Someone else called it ‘drama methadone’ and I wish I’d come up with the phrase: it looks like real drama, it is shot like real drama, the actors act it like it’s real drama, and in the moment you could mistake it for real drama, but it just isn’t drama because there’s no actual drama there.

    The only thing that saved it from total oblivion was the commitment of the cast to acting as if it was real drama — of course to do that they had to abandon any attempt to portray a coherent character (because they had to act in episode six, with total conviction, a completely different character to the one they had been acting, with total conviction, in episode three) but for the most part they managed it, which was fascinating.

    Then I watched the latest one last year, because I wanted to see what Yvonne Strahovski was doing after Chuck, and it was only twelve episodes. And it was… well, much the same, but less of it, which was better, I suppose. So I’m guessing this is more of the same again.

    I think I’ll stick with Fortitude for the moment.

    • 24 tends to make sense for a while until some ludicrous sub-plot typically involving a mole pops up. But a lot of it’s down to the writers not planning far enough ahead. Season 1 had the notorious “there’s another shooter” issue midway through because they thought they’d be cancelled by episode 16 so hadn’t got the tail-end of the season plotted out – that’s why Nina turns out to be a mole. Then there’s that season where the writers literally got so bored with the storyline that they decided to end it and start a completely new one.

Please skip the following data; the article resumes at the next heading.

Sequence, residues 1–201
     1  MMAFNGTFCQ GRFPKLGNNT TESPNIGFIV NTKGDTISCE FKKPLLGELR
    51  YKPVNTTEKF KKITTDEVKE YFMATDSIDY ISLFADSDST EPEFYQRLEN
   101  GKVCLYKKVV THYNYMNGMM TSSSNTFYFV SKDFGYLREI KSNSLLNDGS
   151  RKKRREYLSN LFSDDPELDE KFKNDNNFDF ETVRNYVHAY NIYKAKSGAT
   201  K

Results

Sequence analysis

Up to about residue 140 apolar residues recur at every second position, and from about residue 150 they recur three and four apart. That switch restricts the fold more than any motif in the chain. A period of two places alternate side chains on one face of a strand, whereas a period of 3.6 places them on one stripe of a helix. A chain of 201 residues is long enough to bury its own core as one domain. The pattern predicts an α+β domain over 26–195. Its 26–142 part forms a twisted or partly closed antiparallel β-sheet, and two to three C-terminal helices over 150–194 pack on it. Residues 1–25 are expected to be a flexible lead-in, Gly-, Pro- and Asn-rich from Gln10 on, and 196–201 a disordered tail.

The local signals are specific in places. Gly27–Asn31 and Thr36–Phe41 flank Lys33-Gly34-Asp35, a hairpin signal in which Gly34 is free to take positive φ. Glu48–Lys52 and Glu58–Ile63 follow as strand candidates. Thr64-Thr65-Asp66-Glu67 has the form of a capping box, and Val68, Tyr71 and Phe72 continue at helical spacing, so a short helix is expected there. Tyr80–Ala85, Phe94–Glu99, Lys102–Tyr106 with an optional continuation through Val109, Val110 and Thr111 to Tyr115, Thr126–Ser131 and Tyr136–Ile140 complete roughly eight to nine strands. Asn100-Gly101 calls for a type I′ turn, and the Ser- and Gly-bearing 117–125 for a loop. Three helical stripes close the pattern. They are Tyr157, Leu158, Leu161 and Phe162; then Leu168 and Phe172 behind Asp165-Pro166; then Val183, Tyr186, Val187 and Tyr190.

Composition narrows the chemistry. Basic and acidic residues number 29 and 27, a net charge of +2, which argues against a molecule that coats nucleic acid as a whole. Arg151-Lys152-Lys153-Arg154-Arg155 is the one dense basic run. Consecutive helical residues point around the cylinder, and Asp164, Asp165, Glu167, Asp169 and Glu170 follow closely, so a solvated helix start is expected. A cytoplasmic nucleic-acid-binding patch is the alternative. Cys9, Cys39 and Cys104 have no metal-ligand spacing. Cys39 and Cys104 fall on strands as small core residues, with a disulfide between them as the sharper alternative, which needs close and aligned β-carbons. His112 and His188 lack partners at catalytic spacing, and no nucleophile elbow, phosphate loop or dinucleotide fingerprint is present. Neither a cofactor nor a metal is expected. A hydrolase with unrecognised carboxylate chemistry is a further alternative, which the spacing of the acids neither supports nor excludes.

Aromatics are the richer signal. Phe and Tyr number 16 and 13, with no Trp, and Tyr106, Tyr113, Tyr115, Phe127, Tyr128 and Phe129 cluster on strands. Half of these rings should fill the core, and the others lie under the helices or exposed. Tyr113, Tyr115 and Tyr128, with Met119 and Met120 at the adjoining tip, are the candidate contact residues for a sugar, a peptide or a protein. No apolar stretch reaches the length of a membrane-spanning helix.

It’s a tricky discipline writing a season long story and the “Kim and the Mountain Lion” episodes show the difficulties in spades. Still, at least they planned better than they did on Heroes

      • JustStark

        24 tends to make sense for a while until some ludicrous sub-plot typically involving a mole pops up

        That’s kind of what I mean. It’s clearly written so that each individual episode makes sense (even if it doesn’t have any real plot other than a ‘capture/escape/capture’ loop), but that there is not necessarily any consistency from episode to episode.